Screen time use in children less than five years old
Keywords:child, health care, parents, screen
Introduction: While the limited use of high-quality and appropriate media may have a positive influence, excessive exposure carries health risks for young children and their families. Research suggests that increased screen time in young children is linked to negative health outcomes, including obesity, decreased cognitive and language development and reduced academic success. In this study we aimed to characterize the screen-time habits in a healthy population of children, aged between six months and five years, of two Family Healthcare Units of an urban area in northern Portugal, and to review the current literature on children’s screen time and health-related issues.
Methods: This is a cross-sectional, observational and analytic study. We selected a convenience sample of children aged between six months and five years who were assessed at a scheduled surveillance visit and a questionnaire was applied to the caregivers between February and July 2018.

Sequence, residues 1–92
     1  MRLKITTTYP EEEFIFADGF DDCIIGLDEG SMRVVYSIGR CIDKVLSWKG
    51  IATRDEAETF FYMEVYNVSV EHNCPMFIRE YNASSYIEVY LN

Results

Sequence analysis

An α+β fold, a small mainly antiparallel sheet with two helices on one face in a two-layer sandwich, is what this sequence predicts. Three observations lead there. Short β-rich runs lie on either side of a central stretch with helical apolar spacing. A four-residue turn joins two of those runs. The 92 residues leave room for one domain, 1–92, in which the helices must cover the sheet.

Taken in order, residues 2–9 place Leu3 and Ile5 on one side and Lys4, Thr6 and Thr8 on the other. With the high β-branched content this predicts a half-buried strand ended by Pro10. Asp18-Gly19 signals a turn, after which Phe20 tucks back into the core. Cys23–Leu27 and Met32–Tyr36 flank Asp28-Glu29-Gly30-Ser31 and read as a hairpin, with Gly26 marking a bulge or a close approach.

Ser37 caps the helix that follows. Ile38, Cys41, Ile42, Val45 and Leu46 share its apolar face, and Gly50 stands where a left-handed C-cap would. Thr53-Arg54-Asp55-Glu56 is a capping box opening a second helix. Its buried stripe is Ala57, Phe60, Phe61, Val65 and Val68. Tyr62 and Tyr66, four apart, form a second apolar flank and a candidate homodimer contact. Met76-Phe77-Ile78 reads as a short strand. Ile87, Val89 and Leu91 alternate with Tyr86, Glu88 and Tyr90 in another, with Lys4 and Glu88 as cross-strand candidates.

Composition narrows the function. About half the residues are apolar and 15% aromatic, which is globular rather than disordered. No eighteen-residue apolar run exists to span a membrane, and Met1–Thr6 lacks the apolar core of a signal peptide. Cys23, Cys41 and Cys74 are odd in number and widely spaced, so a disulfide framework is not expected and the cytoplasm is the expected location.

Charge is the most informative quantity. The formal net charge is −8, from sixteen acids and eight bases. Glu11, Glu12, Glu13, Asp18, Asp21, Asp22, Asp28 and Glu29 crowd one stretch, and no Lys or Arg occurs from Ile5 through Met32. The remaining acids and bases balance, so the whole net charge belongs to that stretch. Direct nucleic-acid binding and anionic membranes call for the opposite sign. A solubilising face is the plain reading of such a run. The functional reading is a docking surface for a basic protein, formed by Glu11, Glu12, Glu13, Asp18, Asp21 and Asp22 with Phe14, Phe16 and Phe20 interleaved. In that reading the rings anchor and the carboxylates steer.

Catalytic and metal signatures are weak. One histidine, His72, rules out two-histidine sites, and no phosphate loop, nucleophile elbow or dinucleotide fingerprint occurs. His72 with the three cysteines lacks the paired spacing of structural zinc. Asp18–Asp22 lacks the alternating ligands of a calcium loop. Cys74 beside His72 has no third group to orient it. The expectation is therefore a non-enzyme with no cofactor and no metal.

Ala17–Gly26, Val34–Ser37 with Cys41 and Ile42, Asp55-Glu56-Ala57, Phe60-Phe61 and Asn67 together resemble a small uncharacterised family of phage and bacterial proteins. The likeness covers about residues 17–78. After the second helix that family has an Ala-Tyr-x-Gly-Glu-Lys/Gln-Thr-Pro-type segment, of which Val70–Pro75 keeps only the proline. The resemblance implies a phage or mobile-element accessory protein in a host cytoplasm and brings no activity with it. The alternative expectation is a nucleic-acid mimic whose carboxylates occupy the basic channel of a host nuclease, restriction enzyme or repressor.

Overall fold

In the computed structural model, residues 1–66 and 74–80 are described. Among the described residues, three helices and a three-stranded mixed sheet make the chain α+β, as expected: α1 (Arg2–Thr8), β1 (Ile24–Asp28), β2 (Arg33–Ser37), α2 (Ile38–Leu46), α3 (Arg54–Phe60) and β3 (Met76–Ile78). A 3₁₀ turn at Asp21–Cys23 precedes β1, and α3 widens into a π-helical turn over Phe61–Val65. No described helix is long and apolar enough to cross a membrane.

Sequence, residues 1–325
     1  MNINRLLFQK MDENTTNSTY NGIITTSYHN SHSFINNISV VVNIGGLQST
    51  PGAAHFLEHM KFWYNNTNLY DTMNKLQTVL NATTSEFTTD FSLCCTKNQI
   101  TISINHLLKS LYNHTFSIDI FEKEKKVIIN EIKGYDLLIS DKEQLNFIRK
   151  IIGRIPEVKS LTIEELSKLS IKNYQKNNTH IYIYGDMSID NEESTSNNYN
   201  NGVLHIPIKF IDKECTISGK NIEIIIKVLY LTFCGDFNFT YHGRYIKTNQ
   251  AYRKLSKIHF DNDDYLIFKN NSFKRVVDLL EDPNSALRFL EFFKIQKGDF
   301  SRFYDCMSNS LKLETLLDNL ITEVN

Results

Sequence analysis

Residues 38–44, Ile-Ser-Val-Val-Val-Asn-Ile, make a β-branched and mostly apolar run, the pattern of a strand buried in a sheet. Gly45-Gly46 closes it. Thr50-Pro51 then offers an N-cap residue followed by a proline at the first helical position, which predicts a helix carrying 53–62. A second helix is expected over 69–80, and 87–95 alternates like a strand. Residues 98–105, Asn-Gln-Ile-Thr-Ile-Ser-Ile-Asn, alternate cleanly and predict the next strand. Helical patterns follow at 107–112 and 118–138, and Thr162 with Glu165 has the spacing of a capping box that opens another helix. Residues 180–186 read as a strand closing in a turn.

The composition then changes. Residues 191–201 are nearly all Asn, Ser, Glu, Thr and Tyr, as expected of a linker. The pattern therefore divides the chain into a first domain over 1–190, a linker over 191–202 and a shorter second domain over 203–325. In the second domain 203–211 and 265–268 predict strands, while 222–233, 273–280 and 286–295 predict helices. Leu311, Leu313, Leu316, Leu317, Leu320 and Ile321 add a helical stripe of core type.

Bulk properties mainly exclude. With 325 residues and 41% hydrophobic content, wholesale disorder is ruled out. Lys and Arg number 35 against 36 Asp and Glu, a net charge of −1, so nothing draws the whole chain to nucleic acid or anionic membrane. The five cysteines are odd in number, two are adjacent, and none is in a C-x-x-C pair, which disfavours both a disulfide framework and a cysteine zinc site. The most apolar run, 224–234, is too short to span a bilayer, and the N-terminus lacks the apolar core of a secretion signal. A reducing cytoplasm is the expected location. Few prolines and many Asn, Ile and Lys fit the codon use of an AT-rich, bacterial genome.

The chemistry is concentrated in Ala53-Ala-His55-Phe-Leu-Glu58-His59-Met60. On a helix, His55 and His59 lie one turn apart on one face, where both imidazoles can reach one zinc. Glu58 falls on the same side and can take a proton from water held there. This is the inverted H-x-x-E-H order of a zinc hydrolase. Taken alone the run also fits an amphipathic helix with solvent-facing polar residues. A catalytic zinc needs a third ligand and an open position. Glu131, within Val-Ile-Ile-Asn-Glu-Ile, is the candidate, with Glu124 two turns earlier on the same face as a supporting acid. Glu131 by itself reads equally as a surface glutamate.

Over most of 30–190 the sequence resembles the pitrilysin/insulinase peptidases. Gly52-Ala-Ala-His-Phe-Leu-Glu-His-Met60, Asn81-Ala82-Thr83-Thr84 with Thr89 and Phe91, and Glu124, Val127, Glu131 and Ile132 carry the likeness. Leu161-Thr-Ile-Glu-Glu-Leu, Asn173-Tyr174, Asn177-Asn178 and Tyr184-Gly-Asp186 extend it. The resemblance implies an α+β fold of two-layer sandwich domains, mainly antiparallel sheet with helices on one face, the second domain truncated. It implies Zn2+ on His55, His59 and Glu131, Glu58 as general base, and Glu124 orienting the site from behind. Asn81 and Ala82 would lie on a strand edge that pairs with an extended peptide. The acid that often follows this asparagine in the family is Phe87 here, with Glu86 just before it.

Results: One hundred sixty-six children were included. The mean age was 30 months; 53% were males. Television dominated total screen time. About 85% of children under two years-old and 80% of infants six to 12-months-old were exposed to screens daily, with 79% of them spending up to one hour per day in front of screens. The majority of parents of children aged two years and older were present and set limits on their children’s screen use. Overall, only 39% of parents affirmed to be aware of current guidelines for screen time. In our study, children’s screen time habits were not related with parents’ socioeconomic or academic status. Parents’ knowledge about current guidelines also did not minimize children’s screen use (p=0,094).
Discussion/Conclusion: Young children are exceeding screen time recommendations. Given that parents play a key role in the development of their children’s behaviors and that there is no evidence to support introducing screens at an early age, interventions to reduce children’s screen-time in the current media environment are needed.
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